The Graphene 360 Radical MP is a step in the right direction for Head. It returns a bit more feel than the last version while keeping the frame fast, powerful and controllable. While it lacks the stability of its Pro sibling, the MP provides easy access to pace and spin from the back of the court while also playing fast at the net. Players who want a racquet with solid dampening that doesn’t skimp on its ability to be an all court weapon will want to test out the new Head Graphene 360 Radical MP.
About the Reviewer: Matt Locke formerly served for 3 years as the Junior Programs & Development Coordinator for USTA-Idaho. He is a PTR certified coach and is an active USTA 4.5 League and Tournament player.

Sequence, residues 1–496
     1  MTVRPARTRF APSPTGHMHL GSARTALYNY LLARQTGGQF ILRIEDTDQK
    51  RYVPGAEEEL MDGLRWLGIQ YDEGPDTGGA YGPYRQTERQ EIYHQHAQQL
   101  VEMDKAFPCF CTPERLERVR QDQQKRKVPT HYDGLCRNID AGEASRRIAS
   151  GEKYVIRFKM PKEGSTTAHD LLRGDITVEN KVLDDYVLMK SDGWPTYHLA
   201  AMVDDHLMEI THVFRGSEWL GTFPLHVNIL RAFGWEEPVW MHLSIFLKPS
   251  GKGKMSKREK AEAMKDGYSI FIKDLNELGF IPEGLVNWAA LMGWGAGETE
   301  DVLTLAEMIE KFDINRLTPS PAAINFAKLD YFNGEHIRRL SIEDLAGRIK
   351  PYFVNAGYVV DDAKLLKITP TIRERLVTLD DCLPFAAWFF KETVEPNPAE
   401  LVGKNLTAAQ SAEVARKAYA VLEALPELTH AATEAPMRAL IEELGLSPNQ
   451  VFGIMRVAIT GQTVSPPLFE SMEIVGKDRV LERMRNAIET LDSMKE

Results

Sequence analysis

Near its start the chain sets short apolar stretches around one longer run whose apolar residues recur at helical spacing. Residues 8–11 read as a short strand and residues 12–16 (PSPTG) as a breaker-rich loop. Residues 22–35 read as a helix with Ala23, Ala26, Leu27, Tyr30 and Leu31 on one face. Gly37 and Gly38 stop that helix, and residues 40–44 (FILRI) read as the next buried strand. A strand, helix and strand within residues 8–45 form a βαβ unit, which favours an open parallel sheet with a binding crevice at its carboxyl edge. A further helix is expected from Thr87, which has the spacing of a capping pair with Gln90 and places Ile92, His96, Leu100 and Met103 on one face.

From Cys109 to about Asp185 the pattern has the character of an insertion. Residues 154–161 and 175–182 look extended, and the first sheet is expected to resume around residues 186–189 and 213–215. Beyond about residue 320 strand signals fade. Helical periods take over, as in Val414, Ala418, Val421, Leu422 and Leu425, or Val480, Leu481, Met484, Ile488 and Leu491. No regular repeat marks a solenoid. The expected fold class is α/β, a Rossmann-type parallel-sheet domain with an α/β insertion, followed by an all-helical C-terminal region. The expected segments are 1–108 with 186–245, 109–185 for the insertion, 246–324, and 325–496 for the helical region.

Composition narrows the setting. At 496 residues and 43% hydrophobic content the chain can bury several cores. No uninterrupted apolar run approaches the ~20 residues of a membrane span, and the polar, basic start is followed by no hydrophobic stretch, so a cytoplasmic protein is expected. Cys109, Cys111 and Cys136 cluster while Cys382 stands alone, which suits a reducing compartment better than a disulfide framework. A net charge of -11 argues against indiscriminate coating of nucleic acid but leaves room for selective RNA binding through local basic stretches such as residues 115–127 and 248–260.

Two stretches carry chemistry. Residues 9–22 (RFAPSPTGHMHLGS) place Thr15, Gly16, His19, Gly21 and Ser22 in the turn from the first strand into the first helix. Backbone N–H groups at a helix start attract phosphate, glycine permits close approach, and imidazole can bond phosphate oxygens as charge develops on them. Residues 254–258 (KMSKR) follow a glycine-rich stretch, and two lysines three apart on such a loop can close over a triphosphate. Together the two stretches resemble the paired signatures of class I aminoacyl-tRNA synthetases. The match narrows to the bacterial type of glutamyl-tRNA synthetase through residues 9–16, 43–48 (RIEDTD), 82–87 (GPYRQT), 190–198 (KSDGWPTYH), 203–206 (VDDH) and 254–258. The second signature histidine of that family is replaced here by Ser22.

Slightly lighter than the Radical Pro, its bigger tour brother, the Radical MP is designed for the all-court tournament player. It now comes with the new Graphene 360 technology for greater stability and optimized energy transfer resulting in more power and consequently more ball speed. The most versatile racquet of the series also features a dynamic 16/19 string pattern for enhanced playability and spin. With a new asymmetric design that represents the silo's versatility, the Racdical MP also provides the perfect combination of power and handling so from now on there's no shot you can't play.